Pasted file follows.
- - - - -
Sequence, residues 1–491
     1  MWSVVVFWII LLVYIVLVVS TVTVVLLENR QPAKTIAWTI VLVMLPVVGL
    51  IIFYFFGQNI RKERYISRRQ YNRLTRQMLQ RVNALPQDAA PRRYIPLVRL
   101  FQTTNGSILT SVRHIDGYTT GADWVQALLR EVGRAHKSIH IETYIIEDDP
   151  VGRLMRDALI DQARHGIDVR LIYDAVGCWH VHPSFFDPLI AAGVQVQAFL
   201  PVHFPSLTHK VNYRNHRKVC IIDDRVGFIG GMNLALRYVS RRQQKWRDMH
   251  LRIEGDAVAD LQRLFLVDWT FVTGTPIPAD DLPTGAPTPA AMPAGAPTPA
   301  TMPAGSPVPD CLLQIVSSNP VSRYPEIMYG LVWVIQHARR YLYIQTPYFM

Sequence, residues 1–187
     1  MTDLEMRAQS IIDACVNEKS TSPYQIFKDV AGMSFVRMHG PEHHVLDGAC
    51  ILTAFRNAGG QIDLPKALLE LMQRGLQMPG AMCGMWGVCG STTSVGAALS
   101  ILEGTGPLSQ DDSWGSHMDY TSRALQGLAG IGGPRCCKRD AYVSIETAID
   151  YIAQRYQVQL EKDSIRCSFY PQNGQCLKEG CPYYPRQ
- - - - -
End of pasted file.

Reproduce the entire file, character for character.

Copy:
Sequence, residues 1–491
     1  MWSVVVFWII LLVYIVLVVS TVTVVLLENR QPAKTIAWTI VLVMLPVVGL
    51  IIFYFFGQNI RKERYISRRQ YNRLTRQMLQ RVNALPQDAA PRRYIPLVRL
   101  FQTTNGSILT SVRHIDGYTT GADWVQALLR EVGRAHKSIH IETYIIEDDP
   151  VGRLMRDALI DQARHGIDVR LIYDAVGCWH VHPSFFDPLI AAGVQVQAFL
   201  PVHFPSLTHK VNYRNHRKVC IIDDRVGFIG GMNLALRYVS RRQQKWRDMH
   251  LRIEGDAVAD LQRLFLVDWT FVTGTPIPAD DLPTGAPTPA AMPAGAPTPA
   301  TMPAGSPVPD CLLQIVSSNP VSRYPEIMYG LVWVIQHARR YLYIQTPYFM

Sequence, residues 1–187
     1  MTDLEMRAQS IIDACVNEKS TSPYQIFKDV AGMSFVRMHG PEHHVLDGAC
    51  ILTAFRNAGG QIDLPKALLE LMQRGLQMPG AMCGMWGVCG STTSVGAALS
   101  ILEGTGPLSQ DDSWGSHMDY TSRALQGLAG IGGPRCCKRD AYVSIETAID
   151  YIAQRYQVQL EKDSIRCSFY PQNGQCLKEG CPYYPRQ